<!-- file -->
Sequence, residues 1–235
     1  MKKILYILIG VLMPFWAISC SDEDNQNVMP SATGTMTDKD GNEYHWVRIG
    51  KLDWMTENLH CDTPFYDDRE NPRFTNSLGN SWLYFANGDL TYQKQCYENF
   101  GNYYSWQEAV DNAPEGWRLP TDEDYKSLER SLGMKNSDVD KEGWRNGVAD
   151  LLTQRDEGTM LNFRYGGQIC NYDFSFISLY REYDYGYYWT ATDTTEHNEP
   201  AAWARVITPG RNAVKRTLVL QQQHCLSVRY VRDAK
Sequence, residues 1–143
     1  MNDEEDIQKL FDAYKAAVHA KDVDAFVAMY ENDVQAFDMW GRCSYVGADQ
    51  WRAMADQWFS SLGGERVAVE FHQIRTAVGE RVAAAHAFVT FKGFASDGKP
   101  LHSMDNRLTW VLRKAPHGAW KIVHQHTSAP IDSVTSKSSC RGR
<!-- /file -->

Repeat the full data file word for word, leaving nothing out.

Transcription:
Sequence, residues 1–235
     1  MKKILYILIG VLMPFWAISC SDEDNQNVMP SATGTMTDKD GNEYHWVRIG
    51  KLDWMTENLH CDTPFYDDRE NPRFTNSLGN SWLYFANGDL TYQKQCYENF
   101  GNYYSWQEAV DNAPEGWRLP TDEDYKSLER SLGMKNSDVD KEGWRNGVAD
   151  LLTQRDEGTM LNFRYGGQIC NYDFSFISLY REYDYGYYWT ATDTTEHNEP
   201  AAWARVITPG RNAVKRTLVL QQQHCLSVRY VRDAK
Sequence, residues 1–143
     1  MNDEEDIQKL FDAYKAAVHA KDVDAFVAMY ENDVQAFDMW GRCSYVGADQ
    51  WRAMADQWFS SLGGERVAVE FHQIRTAVGE RVAAAHAFVT FKGFASDGKP
   101  LHSMDNRLTW VLRKAPHGAW KIVHQHTSAP IDSVTSKSSC RGR